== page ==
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Santa Barbara offshore drilling ban fails

"We should not be drilling for oil in our equivalent of the Amazon rain forest," Williams said.

Legislation to slap a permanent ban on oil drilling in state waters off Santa Barbara died in the Assembly on Tuesday evening.

Facing strong lobbying from the oil industry, the bill, SB 1096 by Sen. Hannah-Beth Jackson (D-Santa Barbara), couldn't get close to the minimum 41 votes needed to pass. The final tally was 28 to 34.

In presenting the measure, Assemblyman Das Williams (D-Santa Barbara) argued that colleagues should give him their support because of the importance of protecting his district's fragile coastline. Parts of the same Santa Barbara County coast were devastated by an oil spill 45 years ago.

"We should not be drilling for oil in our equivalent of the Amazon rain forest," Williams said. He also stressed that because of peculiarities of a 1994 marine sanctuary law, state waters off Vandenberg Air Force Base are the only spot on California's entire coastline that could be targeted for new oil production.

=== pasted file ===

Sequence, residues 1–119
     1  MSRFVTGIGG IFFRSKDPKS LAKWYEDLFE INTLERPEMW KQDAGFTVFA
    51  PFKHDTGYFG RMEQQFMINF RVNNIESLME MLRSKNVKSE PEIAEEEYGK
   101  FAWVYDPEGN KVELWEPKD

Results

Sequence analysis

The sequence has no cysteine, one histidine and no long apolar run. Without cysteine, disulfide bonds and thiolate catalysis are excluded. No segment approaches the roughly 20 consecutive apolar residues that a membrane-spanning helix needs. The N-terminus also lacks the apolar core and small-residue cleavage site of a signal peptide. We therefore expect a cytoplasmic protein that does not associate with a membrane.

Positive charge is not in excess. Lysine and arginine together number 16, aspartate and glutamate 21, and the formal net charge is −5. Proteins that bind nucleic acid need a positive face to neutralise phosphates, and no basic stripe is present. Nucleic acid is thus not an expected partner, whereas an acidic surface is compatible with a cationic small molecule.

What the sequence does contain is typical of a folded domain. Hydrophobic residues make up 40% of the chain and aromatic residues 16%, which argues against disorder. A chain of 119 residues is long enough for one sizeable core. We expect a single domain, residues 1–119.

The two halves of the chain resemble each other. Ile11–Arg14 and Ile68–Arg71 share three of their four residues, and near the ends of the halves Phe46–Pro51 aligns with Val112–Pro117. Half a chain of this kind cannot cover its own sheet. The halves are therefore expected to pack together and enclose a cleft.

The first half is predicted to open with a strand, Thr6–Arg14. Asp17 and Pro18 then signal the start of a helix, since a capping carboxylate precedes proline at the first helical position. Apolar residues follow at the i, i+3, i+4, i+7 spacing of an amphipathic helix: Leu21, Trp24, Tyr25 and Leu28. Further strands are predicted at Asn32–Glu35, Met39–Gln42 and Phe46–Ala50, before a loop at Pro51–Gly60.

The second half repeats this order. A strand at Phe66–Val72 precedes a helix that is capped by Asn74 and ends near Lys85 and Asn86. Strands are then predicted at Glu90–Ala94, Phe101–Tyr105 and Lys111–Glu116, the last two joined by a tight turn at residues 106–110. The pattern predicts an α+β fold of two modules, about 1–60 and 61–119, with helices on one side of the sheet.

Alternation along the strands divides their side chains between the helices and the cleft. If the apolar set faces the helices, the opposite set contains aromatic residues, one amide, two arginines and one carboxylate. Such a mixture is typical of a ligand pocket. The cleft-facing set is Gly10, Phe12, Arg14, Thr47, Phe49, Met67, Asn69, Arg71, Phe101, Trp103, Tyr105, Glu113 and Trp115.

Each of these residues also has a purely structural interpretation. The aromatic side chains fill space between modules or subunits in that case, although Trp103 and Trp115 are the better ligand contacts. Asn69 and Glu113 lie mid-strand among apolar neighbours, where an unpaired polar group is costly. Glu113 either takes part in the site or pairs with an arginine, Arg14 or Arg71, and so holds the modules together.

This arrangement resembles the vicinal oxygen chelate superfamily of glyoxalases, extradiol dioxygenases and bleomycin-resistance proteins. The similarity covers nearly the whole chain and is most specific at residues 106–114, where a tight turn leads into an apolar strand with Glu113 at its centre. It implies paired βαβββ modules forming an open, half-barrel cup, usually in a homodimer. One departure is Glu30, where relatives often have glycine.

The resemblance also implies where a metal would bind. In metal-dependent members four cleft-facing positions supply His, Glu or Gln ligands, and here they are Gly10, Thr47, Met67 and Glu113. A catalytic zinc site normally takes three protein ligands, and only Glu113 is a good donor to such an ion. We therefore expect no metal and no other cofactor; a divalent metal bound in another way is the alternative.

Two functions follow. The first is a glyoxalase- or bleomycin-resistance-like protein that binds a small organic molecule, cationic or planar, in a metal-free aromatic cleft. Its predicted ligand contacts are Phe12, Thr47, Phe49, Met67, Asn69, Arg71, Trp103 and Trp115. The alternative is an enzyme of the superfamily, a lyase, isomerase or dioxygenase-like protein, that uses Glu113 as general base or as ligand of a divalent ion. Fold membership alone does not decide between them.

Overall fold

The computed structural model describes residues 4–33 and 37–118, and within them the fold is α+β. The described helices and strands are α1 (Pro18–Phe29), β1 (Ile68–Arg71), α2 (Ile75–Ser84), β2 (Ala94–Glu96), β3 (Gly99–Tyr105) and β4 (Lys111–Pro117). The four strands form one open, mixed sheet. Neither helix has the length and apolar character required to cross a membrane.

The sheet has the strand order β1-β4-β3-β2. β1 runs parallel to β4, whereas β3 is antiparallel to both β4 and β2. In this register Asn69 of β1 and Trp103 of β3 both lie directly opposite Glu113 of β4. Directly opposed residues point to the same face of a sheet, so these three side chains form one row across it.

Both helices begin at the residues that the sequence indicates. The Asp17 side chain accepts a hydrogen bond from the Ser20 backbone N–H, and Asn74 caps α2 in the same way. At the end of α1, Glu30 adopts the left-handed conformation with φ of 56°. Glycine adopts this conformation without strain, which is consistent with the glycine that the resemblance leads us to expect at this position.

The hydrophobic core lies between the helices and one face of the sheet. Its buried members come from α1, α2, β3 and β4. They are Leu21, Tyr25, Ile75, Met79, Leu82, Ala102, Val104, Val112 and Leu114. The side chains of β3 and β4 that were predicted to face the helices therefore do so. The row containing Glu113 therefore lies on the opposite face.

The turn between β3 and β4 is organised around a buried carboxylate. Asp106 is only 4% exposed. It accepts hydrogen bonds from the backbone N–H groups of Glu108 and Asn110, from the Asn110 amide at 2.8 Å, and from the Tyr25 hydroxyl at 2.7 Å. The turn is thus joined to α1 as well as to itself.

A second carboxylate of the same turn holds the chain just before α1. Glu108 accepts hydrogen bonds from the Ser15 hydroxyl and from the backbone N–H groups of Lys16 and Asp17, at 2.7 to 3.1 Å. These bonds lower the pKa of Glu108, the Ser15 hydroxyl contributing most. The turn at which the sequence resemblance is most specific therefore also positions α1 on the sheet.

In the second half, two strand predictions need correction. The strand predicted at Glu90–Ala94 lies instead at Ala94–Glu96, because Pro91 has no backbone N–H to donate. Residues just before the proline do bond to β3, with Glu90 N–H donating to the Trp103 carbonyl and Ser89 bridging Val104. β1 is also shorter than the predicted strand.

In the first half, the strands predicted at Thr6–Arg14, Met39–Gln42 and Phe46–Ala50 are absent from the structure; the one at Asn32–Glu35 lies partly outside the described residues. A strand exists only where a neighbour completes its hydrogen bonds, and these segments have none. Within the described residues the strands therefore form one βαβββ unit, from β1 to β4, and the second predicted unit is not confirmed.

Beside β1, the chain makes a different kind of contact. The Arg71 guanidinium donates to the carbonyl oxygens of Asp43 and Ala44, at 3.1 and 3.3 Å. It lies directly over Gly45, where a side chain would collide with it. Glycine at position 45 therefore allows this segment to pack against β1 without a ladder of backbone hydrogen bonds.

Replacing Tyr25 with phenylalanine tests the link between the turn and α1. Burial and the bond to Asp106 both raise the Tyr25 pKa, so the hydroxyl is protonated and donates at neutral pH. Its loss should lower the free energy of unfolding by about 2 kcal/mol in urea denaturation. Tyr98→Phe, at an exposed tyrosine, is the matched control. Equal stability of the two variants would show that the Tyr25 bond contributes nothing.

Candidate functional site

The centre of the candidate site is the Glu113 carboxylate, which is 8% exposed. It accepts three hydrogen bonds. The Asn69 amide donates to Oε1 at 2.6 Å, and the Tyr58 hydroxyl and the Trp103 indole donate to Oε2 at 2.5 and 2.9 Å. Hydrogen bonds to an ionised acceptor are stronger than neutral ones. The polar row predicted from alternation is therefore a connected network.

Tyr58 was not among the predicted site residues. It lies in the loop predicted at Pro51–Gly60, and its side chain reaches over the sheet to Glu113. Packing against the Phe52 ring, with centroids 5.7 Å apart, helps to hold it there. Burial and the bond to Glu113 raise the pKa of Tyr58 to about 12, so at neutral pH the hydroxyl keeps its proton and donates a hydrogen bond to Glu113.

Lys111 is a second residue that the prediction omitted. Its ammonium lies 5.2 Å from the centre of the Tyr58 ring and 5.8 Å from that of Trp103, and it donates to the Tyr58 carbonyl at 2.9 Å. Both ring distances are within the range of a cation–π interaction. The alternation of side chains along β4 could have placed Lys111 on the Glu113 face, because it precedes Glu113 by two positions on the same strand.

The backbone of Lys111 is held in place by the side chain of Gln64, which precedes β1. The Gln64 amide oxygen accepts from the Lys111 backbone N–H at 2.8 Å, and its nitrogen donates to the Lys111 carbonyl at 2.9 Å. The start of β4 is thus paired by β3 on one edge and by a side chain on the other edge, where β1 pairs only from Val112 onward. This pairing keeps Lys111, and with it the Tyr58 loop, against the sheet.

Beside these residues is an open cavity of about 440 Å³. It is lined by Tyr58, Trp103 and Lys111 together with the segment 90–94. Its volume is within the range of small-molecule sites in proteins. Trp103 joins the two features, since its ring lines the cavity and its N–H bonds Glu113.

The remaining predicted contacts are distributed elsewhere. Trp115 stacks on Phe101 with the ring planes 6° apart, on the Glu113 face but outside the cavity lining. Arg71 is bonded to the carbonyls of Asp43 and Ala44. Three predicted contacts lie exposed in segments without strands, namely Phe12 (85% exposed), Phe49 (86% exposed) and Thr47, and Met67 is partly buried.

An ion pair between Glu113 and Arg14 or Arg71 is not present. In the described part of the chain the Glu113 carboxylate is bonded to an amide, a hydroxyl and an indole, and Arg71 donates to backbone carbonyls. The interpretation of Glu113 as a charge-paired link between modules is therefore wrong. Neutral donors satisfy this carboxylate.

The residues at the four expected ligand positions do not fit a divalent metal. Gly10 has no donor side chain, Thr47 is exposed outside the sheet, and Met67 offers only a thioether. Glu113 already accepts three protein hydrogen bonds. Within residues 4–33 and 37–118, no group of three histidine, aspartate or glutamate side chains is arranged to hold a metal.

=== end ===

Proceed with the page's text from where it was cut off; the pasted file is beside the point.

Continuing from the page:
Defeat of the Jackson bill was crucial to the plans of Bob Nunn, a Northern California oilman, who wants to drill from the land on Air Force property under the ocean to access oil in a field known as Tranquillon Ridge.

The deposit currently is being siphoned by an offshore platform in federal waters beyond the three-mile-from-shore limit for state tide lands.

By passing the bill, Jackson had hoped to sideline Nunn's project by closing what she called a loophole in state law.

Lawmakers who spoke in opposition said they saw no need to change current procedures that designate the State Lands Commission as the authority to approve new offshore oil drilling leases.

Nunn's company, Sunset Exploration Inc., and its partner Exxon Mobil Corp. still must gain permission from a number of government agencies, including the California Coastal Commission, the Air Force and the Lands Commission.

marc.lifsher@latimes.com

Twitter: @MarcLifsher

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